December 1, 19XX
FOR IMMEDIATE RELEASE
DO YOU KNOW WHAT THE LETTERS U-S-O STAND FOR? THEY STAND FOR THE
UNITED SERVICES ORGANIZATION...A GROUP OF HARD WORKING MEN AND
WOMEN WHO MAKE A HOME AWAY FROM HOME FOR MEMBERS OF THE
MILITARY VOLUNTEER WORKERS MAN THEIR STATIONS ALL OVER THE WORLD
IN AN EFFORT TO KEEP MORALE HIGH. NO MATTER HOW NEAR OR FAR FROM
HOME...THERES ALWAYS A U-S-O CENTER NEARBY. THESE CENTERS OFFER
ENTERTAINMENT OF EVERY DESCRIPTION...FROM PING PONG TO FREE
BROADWAY SHOWS. THE U-S-O IS INDEED YOUR HOME AWAY FROM HOME.
# # #
Figure 13-5.30-second information spot announcement.
you may be allotted. Figure 13-5 shows the informa-
go, see, take, try, get, visit, ask, call, be and buy. Be
tion spot announcement.
SPOT WRITING TECHNIQUES
In writing either a selling or information spot
announcement, you should remember the following
four techniques that will pay dividends in quality:
1. Plot the pitch carefully. Before you put a word
on paper, you have to know the type of audience you
want to reach. If the audience is in the lower income
bracket, gear the spot to the special needs and wants of
this group. One approach could be the economic
security angle; another is the get-ahead-in-the-world
appeal. On the other hand, audiences in small rural
towns might find the travel theme exciting and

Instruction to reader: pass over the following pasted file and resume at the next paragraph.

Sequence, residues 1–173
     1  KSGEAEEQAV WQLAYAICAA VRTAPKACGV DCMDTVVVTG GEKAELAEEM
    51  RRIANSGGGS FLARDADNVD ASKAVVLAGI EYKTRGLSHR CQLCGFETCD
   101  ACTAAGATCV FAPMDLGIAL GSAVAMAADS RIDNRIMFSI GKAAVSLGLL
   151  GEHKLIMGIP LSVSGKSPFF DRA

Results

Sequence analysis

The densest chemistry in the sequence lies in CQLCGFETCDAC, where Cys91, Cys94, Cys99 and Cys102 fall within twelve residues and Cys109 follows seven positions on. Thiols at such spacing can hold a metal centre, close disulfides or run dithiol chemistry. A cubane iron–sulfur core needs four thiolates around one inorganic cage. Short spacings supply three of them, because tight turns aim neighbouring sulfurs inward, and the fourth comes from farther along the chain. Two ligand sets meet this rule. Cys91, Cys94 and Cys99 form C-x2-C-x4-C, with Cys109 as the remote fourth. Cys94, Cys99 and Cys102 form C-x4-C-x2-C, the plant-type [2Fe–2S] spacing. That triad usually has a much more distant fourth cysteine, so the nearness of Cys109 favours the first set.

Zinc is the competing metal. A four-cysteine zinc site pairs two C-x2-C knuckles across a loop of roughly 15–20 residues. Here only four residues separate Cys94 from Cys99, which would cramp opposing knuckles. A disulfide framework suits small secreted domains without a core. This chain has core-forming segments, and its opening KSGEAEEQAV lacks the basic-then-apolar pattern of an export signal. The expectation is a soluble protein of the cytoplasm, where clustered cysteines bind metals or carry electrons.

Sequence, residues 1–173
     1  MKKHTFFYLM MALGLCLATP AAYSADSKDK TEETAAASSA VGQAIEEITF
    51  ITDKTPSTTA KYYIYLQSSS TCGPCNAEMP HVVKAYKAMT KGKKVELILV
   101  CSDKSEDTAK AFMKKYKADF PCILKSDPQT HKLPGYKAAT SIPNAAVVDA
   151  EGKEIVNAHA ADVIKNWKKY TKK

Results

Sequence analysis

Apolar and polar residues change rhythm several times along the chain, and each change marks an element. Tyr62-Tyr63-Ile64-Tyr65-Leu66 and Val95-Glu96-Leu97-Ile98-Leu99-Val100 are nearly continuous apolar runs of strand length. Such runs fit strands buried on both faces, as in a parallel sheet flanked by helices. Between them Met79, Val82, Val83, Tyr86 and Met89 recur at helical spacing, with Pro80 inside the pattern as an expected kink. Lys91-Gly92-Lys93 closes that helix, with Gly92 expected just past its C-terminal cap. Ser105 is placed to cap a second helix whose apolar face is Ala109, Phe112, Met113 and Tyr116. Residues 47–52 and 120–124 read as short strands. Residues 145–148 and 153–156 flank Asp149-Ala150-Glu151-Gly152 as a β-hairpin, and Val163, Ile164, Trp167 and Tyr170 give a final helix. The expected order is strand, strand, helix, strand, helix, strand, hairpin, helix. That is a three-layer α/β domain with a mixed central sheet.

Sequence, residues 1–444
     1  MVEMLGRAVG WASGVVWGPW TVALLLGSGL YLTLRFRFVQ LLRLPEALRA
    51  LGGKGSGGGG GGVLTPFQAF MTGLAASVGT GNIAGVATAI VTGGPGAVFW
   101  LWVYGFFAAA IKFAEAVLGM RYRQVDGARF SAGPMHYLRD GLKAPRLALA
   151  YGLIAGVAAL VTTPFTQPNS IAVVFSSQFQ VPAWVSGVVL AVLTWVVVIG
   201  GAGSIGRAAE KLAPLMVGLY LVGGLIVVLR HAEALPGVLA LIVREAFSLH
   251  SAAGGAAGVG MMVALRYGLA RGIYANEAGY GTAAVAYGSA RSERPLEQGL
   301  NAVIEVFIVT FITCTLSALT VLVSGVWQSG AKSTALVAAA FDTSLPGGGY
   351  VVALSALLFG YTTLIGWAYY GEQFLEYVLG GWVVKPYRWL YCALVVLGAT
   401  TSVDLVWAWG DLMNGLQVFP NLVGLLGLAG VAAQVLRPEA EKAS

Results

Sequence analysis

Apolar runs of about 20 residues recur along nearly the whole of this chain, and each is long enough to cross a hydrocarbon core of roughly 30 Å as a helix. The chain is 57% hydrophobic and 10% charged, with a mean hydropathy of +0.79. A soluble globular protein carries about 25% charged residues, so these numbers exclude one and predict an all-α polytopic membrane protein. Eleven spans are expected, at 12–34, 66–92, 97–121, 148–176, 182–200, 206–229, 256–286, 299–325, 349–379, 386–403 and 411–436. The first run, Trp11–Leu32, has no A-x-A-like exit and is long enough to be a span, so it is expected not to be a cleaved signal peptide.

interesting. Spot writers must study prospective
audiences if they are to be successful at communicating
2. Look for new target audiences. Although the
stress in writing may be recruiting, you should be
prepared to write spots that will sell the public on
attending a command public visitation, a parade or a
demonstration. These special events appeal to many
audiences. Some spots might be directed toward fathers,
children, teen-agers or even to mothers in the audience.
3. Develop a direct, personal writing approach.
Even though the audience may consist of several
thousand people, the copy is directed at one person.
Make that individual feel that the message is personal.
Address the listener in terms of you, youve, your
Canal youre. Always refer to the listener in singular
form and in a friendly manner.
4. Select words carefully. Write spots in the active
voice with such positive and colorful verbs as follows:
conversational, but avoid slang. Keep your words
simple, and do not try to impress the listener with an
extensive vocabulary. Speak to the listener in the
language that person knows. You also should avoid
special military terms and abbreviations that are
unfamiliar to the listener.
Format and Preparation
Whether you are writing a spot announcement for
an NBS detachment or a local commercial station, you
should adhere to the following general rules concerning
format and preparation:
1. Follow the appropriate style. Write your spot
following the style guide of the station. A station
manager might reject your spot if it is not in the style his
announcers are used to reading.
2. Submit clean copy. All announcements you
submit to radio stations should be free of errors.
3. Submit the proper number of copies. Check to
see how many copies of an announcement each station
4. Meet deadlines. If a station manager asks you
to have a spot at the station by a given time, do not miss
the deadline. Your violating this rule is the best way for
you to keep your copy from ever reaching the airwaves.
Timing the Spot
Timing is extremely important in spot writing. On
commercial stations, you will be competing with other
public service agencies for free air time. Naturally, a
station can allot only so much time for public service